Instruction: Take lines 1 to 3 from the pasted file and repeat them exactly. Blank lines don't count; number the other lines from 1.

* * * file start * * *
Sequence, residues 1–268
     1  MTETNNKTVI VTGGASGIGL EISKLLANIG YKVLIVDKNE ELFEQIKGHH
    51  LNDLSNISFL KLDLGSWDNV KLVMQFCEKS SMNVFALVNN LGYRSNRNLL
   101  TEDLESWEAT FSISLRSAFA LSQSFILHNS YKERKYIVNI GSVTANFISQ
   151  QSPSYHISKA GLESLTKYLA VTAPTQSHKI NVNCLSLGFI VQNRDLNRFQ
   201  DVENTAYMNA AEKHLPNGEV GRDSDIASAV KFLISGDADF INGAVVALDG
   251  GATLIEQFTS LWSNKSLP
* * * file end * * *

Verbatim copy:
Sequence, residues 1–268
     1  MTETNNKTVI VTGGASGIGL EISKLLANIG YKVLIVDKNE ELFEQIKGHH
    51  LNDLSNISFL KLDLGSWDNV KLVMQFCEKS SMNVFALVNN LGYRSNRNLL